IDOE launches a coaching program for teachers focused on reading and STEM subjects

INDIANAPOLIS — The Indiana Department of Education is launching a new program this fall that will provide coaching for teachers in reading and STEM.

Under the pilot program, nearly 70 schools will hire coaches to help teachers learn research-based teaching methods, according to IDOE spokeswoman Holly Lawson.

The goal, Lawson said, is to help students in K-8 schools catch up on learning. IREAD test results from the 2020-21 school year showed nearly one in five third-graders at Hoosier were not fluent in reading, she added.

Educators say students are still suffering setbacks after learning on laptops for so long due to the COVID-19 pandemic.

“We had kids in kindergarten who maybe didn’t have access to preschool education,” said Anna Roth, director of curriculum, instruction and teacher development for Southmont Schools. “We have first-graders who had an unusual kindergarten year.”

To help some of the younger students catch up in reading, Roth said, her district created a position earlier this year to coach teachers on a new research-based, interactive teaching method.

“That might mean working with blocks or cards so you can move things around,” Roth said. “So it’s more than just words on the page.”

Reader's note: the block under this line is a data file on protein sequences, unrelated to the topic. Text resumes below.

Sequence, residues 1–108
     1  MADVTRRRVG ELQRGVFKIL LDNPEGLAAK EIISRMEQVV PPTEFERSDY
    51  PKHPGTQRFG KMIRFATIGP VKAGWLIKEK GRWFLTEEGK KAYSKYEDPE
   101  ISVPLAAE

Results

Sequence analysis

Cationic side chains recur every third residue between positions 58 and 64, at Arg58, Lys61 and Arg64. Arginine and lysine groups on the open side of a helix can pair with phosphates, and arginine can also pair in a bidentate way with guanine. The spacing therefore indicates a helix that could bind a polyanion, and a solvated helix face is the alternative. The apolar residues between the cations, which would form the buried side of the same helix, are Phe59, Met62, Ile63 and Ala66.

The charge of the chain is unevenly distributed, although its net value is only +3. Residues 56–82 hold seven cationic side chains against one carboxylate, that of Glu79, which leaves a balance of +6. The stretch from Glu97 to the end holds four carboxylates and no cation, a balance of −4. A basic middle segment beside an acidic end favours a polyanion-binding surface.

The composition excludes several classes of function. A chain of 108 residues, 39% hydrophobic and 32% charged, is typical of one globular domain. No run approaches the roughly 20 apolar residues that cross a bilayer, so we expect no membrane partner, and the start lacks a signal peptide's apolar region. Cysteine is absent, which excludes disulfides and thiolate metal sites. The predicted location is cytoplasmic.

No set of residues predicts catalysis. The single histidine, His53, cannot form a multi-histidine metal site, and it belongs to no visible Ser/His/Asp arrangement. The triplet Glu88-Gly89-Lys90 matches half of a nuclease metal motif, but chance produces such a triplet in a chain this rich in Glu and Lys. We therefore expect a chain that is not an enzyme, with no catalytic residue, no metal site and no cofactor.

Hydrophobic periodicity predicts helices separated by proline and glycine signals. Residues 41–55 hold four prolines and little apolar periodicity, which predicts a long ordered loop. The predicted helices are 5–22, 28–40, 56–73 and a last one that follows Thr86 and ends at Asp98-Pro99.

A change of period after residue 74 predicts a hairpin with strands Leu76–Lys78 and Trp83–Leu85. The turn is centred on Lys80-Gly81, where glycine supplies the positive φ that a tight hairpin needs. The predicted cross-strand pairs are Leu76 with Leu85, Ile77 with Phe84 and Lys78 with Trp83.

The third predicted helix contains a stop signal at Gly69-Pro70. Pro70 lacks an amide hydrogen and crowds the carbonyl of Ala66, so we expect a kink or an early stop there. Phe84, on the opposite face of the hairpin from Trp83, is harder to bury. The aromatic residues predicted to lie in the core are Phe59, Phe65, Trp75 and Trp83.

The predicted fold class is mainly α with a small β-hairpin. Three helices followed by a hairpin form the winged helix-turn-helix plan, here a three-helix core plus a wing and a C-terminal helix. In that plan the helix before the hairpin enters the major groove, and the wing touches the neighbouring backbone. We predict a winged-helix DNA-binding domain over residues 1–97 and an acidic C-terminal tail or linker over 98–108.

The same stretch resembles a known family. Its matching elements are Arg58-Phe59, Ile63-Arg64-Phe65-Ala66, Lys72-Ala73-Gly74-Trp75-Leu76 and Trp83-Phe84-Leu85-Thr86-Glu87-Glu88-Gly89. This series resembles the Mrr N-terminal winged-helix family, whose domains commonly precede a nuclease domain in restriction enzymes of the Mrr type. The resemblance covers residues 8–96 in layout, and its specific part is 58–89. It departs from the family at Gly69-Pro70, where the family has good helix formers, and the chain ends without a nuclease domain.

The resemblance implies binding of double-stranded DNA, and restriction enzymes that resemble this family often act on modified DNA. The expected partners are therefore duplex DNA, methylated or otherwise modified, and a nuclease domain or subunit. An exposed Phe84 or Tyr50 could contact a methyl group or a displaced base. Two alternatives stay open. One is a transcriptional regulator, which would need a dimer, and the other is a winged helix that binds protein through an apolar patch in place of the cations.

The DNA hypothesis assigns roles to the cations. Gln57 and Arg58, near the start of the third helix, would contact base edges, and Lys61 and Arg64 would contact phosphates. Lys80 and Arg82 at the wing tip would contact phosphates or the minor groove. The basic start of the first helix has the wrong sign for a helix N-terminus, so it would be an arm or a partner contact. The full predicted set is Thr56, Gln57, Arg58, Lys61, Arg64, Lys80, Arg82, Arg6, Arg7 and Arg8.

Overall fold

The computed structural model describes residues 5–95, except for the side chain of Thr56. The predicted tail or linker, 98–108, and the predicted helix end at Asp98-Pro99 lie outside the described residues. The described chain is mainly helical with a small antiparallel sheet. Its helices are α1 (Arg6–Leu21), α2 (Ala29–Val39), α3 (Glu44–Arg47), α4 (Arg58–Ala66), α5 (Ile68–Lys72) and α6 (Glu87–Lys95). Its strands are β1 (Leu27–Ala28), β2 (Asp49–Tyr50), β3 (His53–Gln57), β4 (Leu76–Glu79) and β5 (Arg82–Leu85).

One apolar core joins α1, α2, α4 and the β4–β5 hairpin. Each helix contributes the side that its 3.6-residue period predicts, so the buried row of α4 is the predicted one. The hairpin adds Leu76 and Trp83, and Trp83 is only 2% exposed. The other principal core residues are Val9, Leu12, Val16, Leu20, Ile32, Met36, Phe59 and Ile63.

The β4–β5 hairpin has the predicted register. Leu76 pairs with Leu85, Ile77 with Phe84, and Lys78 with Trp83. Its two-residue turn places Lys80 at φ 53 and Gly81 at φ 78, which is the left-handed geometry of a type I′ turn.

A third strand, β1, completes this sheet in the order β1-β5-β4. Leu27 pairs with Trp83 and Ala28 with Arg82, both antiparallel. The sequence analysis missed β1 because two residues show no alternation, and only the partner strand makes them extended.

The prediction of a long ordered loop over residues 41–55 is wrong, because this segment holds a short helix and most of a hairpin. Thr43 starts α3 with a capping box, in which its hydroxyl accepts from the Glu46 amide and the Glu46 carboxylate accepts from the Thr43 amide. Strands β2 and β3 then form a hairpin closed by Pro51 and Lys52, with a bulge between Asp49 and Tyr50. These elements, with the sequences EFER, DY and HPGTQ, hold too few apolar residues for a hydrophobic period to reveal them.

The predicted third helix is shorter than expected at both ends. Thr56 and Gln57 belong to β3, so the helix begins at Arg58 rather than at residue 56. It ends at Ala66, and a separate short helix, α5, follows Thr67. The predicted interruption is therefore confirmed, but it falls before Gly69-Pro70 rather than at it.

Although Roth Elementary Schools already has one of these coaches on staff, they are among nearby schools that will participate in the new IDOE program next year.

“We know that if they continue to struggle with reading past third grade, it impacts a whole other range of their learning,” Lawson said.

Coaches at these schools only work with teachers, not students, Lawson explained. They are school-educated and receive additional training from the state, she added.

Some of the schools chose voluntarily, while others were asked to participate based on test results, Lawson said.

“And it’s also based on the demographics that we see in those schools because we know not all students are impacted equally by COVID,” Lawson said.

The program is expected to last at least the next two school years, Lawson said. At first, it is funded by $20 million in federal COVID aid that has been earmarked for schools, she added.

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